tor computed for high-frequency p-modes in a polytropic

stellarmodel(seeformula(37)inLigni` eres & Georgeot(2009)).

Above a certain rotation rate, the p-modesspectrum is dom-

inatedby two families

modes and the chaotic modes, as the visibilities of the other

modes become negligible. The island modes are associated

with island chainstructuresofthe raydynamicsphasespace

and their spectrum follows a simple formula (Reese et al.,

2008).

of modes,the island

ω˜ n˜ℓm= ∆˜ n˜ n + ∆˜ℓ˜ℓ + ∆m|m| − mΩ + ωref

(3)

where˜ℓ ≤ 3and∆˜ n,∆˜ℓ,∆mdependonthestar’sstructure.

The quantum numbers ˜ n and˜ℓ are defined from the spa-

tial distribution of the modes in a meridional plane. They

correspond respectively to the number of nodes along and

across the stable periodic trajectory associated with the is-

land chain. By contrast, chaotic modes are associated with

chaotic regions of phase space, and their frequency spec-

trum is said to be irregular because it is not described by

a smooth function of 3 integers. The frequency spectrum

has nevertheless specific statistical properties. Indeed, if we

considerchaoticmodesofthe samesymmetryclass, thedis-

tributionoftheconsecutivefrequencyspacingsσi= ωi+1−

ωi(scaled by the mean frequency spacing < ωi+1− ωi>)

is close to the parameter-free Wigner distribution P(σ) =

πσ/2exp(−πσ2/4) in accordance with the prediction of

Random Matrix Theory. A symmetry class correspondsto a

given azimuthal number m and a given symmetry (+ or −)

with respecttothe equator.Foreachsymmetryclass, aspec-

trum is thus determined from a realization of the Wigner

distribution and the chaotic spectrum is the superpositionof

all these spectra. Finally in order to construct the total spec-

trum, we need to know the ratio between chaotic and island

modes. This ratio tends to increase with rotationand,for the

rotation rate considered in the following Ω = 0.6ΩKwhere

ΩK=?GM/R3, it is close to 3.7 (Ligni` eres & Georgeot,

2009).

3 Autocorrelation of the synthetic spectra

The autocorrelation of the synthetic spectra has been inves-

tigated, for Ω = 0.6ΩK, by varying three parameters: the

frequency range of the spectrum, the inclination angle of

the star, and an amplitude threshold that only retains the

the highest amplitude peaks of the spectrum. The parameter

domain that we explored is the following : The frequency

range spans nδlarge separations δn= 2∆˜ n, where nδhas

been varied from 1 to 6. The amplitude threshold is chosen

to keep Nδ frequency peaks per large separation interval;

Nδhas been varied between 10 and 100. Once nδand Nδ

are fixed, the total number of frequencies of the spectrum is

nδ× Nδ. The inclination angle has been varied from 0 to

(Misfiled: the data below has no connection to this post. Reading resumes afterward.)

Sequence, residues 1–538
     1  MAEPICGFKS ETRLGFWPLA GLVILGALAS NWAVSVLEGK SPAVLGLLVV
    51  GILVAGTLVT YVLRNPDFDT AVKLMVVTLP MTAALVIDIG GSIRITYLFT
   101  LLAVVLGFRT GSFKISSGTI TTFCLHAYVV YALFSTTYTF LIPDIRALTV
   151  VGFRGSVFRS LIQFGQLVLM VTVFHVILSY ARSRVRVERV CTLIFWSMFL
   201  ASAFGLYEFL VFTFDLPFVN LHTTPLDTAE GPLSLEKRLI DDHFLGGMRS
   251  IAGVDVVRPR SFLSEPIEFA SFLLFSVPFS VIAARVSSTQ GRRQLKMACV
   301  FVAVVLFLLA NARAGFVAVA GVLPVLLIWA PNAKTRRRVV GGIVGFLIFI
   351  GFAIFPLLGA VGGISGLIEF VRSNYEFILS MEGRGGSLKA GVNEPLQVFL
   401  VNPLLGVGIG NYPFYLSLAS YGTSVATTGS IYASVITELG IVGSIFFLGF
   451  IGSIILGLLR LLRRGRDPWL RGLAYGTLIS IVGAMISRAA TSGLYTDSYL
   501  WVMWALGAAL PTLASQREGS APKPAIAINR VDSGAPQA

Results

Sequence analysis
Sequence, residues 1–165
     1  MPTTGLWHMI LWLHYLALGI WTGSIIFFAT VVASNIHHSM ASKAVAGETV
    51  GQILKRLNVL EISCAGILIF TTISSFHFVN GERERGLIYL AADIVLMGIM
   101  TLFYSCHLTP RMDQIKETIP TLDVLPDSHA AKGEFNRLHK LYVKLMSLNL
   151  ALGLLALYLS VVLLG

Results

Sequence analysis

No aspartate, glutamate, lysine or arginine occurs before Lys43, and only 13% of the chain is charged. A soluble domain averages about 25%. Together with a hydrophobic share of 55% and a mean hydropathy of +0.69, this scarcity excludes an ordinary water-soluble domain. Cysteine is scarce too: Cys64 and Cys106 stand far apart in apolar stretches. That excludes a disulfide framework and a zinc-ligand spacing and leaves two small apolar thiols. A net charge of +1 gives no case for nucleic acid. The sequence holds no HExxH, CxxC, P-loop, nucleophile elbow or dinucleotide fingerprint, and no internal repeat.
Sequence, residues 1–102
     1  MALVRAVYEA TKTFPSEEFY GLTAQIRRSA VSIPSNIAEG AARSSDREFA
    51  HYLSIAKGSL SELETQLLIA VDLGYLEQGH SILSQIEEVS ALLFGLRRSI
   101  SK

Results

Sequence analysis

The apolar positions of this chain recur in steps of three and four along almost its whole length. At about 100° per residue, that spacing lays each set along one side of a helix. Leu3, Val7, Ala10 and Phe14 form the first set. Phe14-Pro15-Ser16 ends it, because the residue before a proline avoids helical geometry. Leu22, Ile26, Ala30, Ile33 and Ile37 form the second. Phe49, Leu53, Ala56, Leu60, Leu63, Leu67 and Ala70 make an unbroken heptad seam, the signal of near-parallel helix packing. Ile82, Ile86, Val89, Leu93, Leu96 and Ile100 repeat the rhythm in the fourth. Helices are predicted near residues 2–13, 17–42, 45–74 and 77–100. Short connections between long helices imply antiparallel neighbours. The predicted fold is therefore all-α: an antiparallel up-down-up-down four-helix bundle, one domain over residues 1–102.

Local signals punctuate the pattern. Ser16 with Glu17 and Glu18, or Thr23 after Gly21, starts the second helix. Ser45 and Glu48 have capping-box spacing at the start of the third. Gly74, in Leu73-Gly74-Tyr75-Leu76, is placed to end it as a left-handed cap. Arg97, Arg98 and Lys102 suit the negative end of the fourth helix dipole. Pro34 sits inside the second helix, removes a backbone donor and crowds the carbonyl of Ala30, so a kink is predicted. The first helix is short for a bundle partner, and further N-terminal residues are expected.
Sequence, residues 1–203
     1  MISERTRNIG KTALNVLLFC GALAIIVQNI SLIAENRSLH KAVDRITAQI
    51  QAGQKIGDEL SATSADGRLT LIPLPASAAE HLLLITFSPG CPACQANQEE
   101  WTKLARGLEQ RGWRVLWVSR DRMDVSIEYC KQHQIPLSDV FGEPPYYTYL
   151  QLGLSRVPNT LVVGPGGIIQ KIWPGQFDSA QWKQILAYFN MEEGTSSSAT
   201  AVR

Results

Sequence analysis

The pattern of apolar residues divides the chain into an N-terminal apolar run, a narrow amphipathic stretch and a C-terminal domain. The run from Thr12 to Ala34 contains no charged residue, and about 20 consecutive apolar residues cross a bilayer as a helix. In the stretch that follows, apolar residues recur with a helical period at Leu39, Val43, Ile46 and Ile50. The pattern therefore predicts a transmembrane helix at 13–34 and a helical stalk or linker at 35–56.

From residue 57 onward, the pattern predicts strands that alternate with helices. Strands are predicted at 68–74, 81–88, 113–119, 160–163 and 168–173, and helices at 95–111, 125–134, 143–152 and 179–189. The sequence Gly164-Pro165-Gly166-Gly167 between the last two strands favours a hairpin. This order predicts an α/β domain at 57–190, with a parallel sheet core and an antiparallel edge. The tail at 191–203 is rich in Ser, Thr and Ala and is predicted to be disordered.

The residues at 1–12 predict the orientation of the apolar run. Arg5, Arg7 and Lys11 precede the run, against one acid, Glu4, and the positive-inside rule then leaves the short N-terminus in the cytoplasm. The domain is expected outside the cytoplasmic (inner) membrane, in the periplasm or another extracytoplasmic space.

90◦.

Wefindthattheinclinationangleplaysanimportantrole

in the search for regular patterns because it affects the rel-

ative visibility of the chaotic and island modes. Indeed, the

disk-averagingfactor of the chaotic modes tends to increase

towards equator-on configurations while the disk-averaging

factor of island modes tends to decrease.

Let us first consider a high inclination configurationi =

63◦. In figures 1 and 2, the autocorrelation of the whole

spectrum (top panel), the chaotic spectrum (middle) and the

island spectrum (bottom)are displayed for Nδ= 57 and for

two different frequency ranges nδ= 3 (Fig. 1) and nδ= 6

(Fig. 2). The autocorrelation is defined as in statistics: it is

computed after substracting the mean and it is normalized

by the variance. The autocorrelation is therefore comprised

between-1 and 1.The verticalscale is differentfor the auto-

correlation of the island spectrum because, as expected, the

Tassoul like formula leads to strong peaks associated with

the ∆˜ nregular spacing and smaller peaks corresponding to

linear combinaisons of ∆˜ n,∆˜ℓ,∆m.

No structure is seen in the chaotic mode spectrum ex-

cept fora peaks at 2Ω (correspondingto the2Ω/δn= 0.836

peak of Fig. 1). This lack of structure can be understood

from the fact that the chaotic spectrum is a superposition

of the subspectra corresponding to the different symmetry

classes m±. These subspectra are statistically independent

and, as a consequence, the consecutive difference statistics

ofthechaoticspectrumisgenerallyclosetoaPoissonstatis-

tics thus explaining the featureless autocorrelation. The

pole-on configuration is an exception to this rule as only

axisymmetric modes m = 0 are visible in this case and the

superposition of only two independent subspectra does not

lead to Poisson statistics. The 2Ω peaks is due to a rota-

tional splitting between m = 1 and m = −1 modes. In the

p-modes asymptotic regime, the Coriolis force has indeed

a negligible effect on the frequency because its characteris-

tic time-scale is much larger then the oscillation time-scale.

As shown in Reese et al. (2006), this asymptotic property is

actually already correct at relatively low frequencies. Since

the centrifugal force does not distinguish between −m and

m modes, their frequencies can be considered as degener-

ate in the rotating frame thus leading to a 2mΩ splitting in

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Astron. Nachr. / AN (0000)3

Fig.1

spectrumresultingfromthe superpositionofa chaoticmode

spectrum and an island mode spectrum. The top panel dis-

plays the autocorrelation function of the whole spectrum,

while the middle and bottom panels shows the autocorre-

lation of the chaotic and island mode spectra, respectively.

The x-axis represents the frequency lag in units of the large

separation δn. The inclination angle is equal to i = 63◦, the

frequency range corresponds to 3 large separations and the

171 highest amplitude frequencieshave been retained in the

spectrum. The only significative feature of the autocorrela-

tion function is the 2Ω peak also seen in the autocorrelation